News

  1. Writer in Residence Finally Arrives in America’s Most-Visited Park

    Writer in Residence Finally Arrives in America’s Most-Visited Park Sue Wasserman of Bakersville, North Carolina, is the 2022 Steve Kemp Writer-in-Residence, which means she will be living near and working in Great Smoky Mountains National Park for six weeks. She’ll be writing, creating photography, and offering public programs both on the Tennessee and North Carolina sides of the park. Wasserman was Read more...
  2. Green With Envy

    Green With Envy Story and photos by Sue Wasserman Jack in the pulpit I don’t remember how old I was when I became enamored of the word “hue.” Thanks to a mom who took my sister and me to the library every week, whether we’d finished our books or not, it’s hard to remember a time when words didn’t hold a Read more...
  3. Wildflowers 101: Rosebud Orchid and the Pink Lady’s Slipper

    Story and images by Tom Harrington Rosebud orchid One characteristic many people possess is being competitive and enjoying challenges. For some, this might be during a game of golf or playing chess or checkers. Or it may be that the challenge you enjoy most is working on crossword puzzles. But did you know there is a most Read more...
  4. “Fishes” field guide dedicated to aquatic biodiversity of the Smokies

    “Fishes” field guide dedicated to aquatic biodiversity of the Smokies Great Smoky Mountains Association has published a new field guide dedicated to some of the aquatic residents of the Smokies. Intuitively organized and small enough to fit in a pocket, Fishes of the Smokies includes detailed photography and key details for each species featured.  Written by debut author Grant Fisher, Fishes of the Read more...
  5. Plant life makes a comeback after 2016 wildfires

    Plant life makes a comeback after 2016 wildfires By Alix Pfennigwerth A few days after the arson-caused 2016 Chimney Tops 2 wildfire spread across 11,000 acres of Great Smoky Mountains National Park, Rob Klein, a National Park Service fire ecologist, hiked up the park’s Bull Head Trail. National Park Service fire ecologist Rob Klein discusses the impacts of the 2016 Read more...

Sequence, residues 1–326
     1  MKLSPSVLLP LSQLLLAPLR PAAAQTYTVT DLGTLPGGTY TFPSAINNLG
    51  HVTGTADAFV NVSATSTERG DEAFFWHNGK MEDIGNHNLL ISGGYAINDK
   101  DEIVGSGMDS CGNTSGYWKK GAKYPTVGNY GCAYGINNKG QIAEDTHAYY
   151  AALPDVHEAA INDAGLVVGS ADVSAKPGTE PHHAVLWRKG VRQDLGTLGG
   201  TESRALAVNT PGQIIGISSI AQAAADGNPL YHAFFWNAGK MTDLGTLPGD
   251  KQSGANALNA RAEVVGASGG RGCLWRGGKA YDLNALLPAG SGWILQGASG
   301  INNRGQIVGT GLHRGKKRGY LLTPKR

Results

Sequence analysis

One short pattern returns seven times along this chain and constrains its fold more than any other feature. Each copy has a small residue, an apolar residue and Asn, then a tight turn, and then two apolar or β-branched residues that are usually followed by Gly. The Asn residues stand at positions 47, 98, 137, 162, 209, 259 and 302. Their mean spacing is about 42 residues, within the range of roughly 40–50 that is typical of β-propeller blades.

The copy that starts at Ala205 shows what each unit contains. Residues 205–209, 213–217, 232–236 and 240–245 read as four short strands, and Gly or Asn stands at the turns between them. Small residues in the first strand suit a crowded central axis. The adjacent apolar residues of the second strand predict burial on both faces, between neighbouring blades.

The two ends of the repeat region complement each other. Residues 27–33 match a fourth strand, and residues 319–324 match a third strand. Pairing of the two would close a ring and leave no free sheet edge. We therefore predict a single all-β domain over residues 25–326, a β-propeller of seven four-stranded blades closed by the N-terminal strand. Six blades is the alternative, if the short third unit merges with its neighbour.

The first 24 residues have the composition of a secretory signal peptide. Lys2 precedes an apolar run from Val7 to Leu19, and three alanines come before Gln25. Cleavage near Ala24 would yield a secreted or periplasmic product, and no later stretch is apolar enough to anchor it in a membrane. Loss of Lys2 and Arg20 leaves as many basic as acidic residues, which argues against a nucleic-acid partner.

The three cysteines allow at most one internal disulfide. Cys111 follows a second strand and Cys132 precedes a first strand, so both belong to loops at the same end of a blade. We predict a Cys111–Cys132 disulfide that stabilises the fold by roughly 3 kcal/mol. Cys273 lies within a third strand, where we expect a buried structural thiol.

6. Photographer and parks shine a light on the magic of fireflies

    Photographer and parks shine a light on the magic of fireflies Great Smoky Mountains National Park is home to large populations of synchronous fireflies, which create a magical spectacle that draws thousands of visitors each year. The park will host the annual synchronous firefly viewing opportunity at its popular Elkmont Campground June 3–10 this year, but there are many other places where this Read more...
  7. Image for the Asking: Views Through History at Campbell Overlook

    Image for the Asking: Views Through History at Campbell Overlook Story and image by Don McGowan As you stand high above the West Prong of the Little Pigeon River running through Sugarlands Valley and look across the thickly forested slope beyond it, you’ll see the rocky prominence known as Bullhead. A careful visual examination along the lithic line tracing the ridge reveals the likely presence of a Read more...
  8. GIS makes it simpler to map a complex park

    GIS makes it simpler to map a complex park Twenty years ago, the map room in Great Smoky Mountains National Park might have been dedicated to heavy, flat-file drawer cabinets—each one filled with stacks of intricately detailed maps of the mountains. These days, the room is much more spartan. Gone are many of the paper maps and heavy cabinets. In their place is a relatively modest Read more...
  9. Great Smoky Mountains Association Honored with Two National Awards

    Great Smoky Mountains Association Honored with Two National Awards Great Smoky Mountains Association won national recognition in two categories in the 2022 Public Lands Alliance Partnership Awards, celebrated with a virtual ceremony held Wednesday, April 20. At this year’s event, the Storybook Trail of the Smokies was recognized for Outstanding Public Engagement for Program/Service, and the GSMA- Read more...
  10. Meandering Into Knowingness

    Meandering Into Knowingness Photos by Sue Wasserman White-fringed phacelia The road to knowingness is paved with a whole lot of meandering. As much as I love exploring new trails in the Smokies, I long to find trails with which I can become intimately acquainted, too. Porters Creek is becoming one such trail for me. I happened upon it several years Read more...

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